School vending machine use and fast-food restaurant use are associated with sugar-sweetened beverage intake in youth.J Am Diet Assoc. 2006 Oct; 106(10):1624-30.JA
To examine associations between use of school vending machines and fast-food restaurants and youth intake of sugar-sweetened beverages.
A cross-sectional observational study.
From a group randomized obesity intervention, we analyzed baseline data from 1,474 students in 10 Massachusetts middle schools with vending machines that sold soda and/or other sweetened drinks.
MAIN OUTCOME MEASURES
Daily sugar-sweetened beverage consumption (regular soda, fruit drinks, and iced tea), purchases from school vending machines, and visits to fast-food restaurants in the preceding 7 days were estimated by self-report.
STATISTICAL ANALYSES PERFORMED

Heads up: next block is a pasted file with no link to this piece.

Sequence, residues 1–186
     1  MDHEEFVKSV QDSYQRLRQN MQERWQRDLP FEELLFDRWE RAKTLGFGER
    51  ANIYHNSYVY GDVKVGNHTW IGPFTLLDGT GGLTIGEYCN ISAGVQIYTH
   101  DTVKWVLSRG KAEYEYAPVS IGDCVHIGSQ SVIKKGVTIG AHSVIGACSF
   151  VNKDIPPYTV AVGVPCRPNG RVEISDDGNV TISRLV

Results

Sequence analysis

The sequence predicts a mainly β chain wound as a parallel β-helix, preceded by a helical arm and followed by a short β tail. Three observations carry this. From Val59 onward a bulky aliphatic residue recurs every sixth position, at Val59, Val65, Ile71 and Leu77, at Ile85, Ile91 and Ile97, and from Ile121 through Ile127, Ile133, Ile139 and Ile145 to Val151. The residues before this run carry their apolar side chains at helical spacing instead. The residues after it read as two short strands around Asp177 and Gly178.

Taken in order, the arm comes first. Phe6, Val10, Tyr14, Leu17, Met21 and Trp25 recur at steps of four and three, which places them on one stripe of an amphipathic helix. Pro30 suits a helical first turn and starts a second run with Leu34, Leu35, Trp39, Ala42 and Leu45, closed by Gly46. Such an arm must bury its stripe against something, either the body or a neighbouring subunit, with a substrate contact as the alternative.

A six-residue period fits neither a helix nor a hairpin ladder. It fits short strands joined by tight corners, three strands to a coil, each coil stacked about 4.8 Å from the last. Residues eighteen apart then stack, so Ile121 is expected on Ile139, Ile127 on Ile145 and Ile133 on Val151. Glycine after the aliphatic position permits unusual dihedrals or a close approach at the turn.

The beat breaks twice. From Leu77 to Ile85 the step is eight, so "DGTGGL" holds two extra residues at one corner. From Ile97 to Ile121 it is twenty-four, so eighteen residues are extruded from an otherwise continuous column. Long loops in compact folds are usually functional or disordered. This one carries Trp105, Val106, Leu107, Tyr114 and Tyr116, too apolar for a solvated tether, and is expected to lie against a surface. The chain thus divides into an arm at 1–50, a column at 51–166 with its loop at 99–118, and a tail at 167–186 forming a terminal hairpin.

Chi(2) and nonparametric tests were performed on unadjusted data; multivariable models adjusted for sex, grade, body mass index, and race/ethnicity, and accounted for clustering within schools.
Among 646 students who reported using school vending machines, 456 (71%) reported purchasing sugar-sweetened beverages. Overall, 977 students (66%) reported eating at a fast-food restaurant. Sugar-sweetened beverage intakes averaged 1.2 servings per day. In adjusted models, relative to no vending machine purchases, servings per day increased by 0.21 for one to three purchases per week (P=0.0057), and 0.71 with four or more purchases (P<0.0001). Relative to no fast-food restaurant visits, sugar-sweetened beverage servings per day increased by 0.13 with one visit per week (P=0.07), 0.49 with two to three visits (P=0.0013), and by 1.64 with four or more visits (P=0.0016).
Among students who use school vending machines, more report buying sugar-sweetened beverages than any other product category examined. Both school vending machine and fast-food restaurant use are associated with overall sugar-sweetened beverage intake. Reduction in added dietary sugars may be attainable by reducing use of these sources or changing product availability.